Published online Mar 21, 2015. doi: 10.3748/wjg.v21.i11.3232
Peer-review started: October 14, 2014
First decision: December 11, 2014
Revised: December 18, 2014
Accepted: February 5, 2015
Article in press: February 5, 2015
Published online: March 21, 2015
Overall 5-years survival of pancreatic cancer patients is nearly 5%, making this cancer type one of the most lethal neoplasia. Furthermore, the incidence rate of pancreatic cancer has a growing trend that determines a constant increase in the number of deceases caused by this pathology. The poor prognosis of pancreatic cancer is mainly caused by delayed diagnosis, early metastasis of tumor, and resistance to almost all tested cytotoxic drugs. In this respect, the identification of novel potential targets for new and efficient therapies should be strongly encouraged in order to improve the clinical management of pancreatic cancer. Some studies have shown that the mitochondrial uncoupling protein 2 (UCP2) is over-expressed in pancreatic cancer as compared to adjacent normal tissues. In addition, recent discoveries established a key role of UCP2 in protecting cancer cells from an excessive production of mitochondrial superoxide ions and in the promotion of cancer cell metabolic reprogramming, including aerobic glycolysis stimulation, promotion of cancer progression. These observations together with the demonstration that UCP2 repression can synergize with standard chemotherapy to inhibit pancreatic cancer cell growth provide the molecular rationale to consider UCP2 as a potential therapeutic target for pancreatic cancer. In this editorial, recent advances describing the relationship between cancer development and mitochondrial UCP2 activity are critically provided.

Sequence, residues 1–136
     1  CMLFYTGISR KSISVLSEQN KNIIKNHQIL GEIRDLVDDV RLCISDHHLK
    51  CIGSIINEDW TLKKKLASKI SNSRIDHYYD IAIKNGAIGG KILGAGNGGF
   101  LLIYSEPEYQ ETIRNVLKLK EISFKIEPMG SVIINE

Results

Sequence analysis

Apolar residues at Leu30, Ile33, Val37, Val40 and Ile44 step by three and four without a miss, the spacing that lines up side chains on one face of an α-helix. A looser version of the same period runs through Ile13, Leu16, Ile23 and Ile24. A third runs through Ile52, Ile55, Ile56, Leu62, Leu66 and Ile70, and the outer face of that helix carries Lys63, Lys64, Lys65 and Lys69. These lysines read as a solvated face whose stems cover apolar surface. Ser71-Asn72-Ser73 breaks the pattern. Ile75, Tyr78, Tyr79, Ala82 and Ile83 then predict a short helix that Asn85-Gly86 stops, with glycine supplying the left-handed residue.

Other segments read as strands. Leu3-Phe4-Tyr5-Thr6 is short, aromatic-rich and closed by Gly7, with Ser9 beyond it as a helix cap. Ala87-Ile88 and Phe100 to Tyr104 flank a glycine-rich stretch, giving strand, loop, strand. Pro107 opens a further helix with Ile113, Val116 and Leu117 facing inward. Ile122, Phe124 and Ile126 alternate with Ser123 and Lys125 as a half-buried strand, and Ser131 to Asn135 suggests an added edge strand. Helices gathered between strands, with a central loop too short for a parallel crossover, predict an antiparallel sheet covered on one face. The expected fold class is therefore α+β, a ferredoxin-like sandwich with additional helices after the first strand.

Core tip: The dramatic poor prognosis of pancreatic cancer forces towards the identification of novel efficient therapeutic targets against this neoplasia. Overexpression of uncoupling protein 2 (UCP2) and its functional involvement in cancer development, reactive oxygen species production, and cancer metabolic reprogramming may represent the rationale and the starting point for future drug design projects focused on the identification of specific UCP2 inhibitors as innovative therapeutic tool against pancreatic cancer.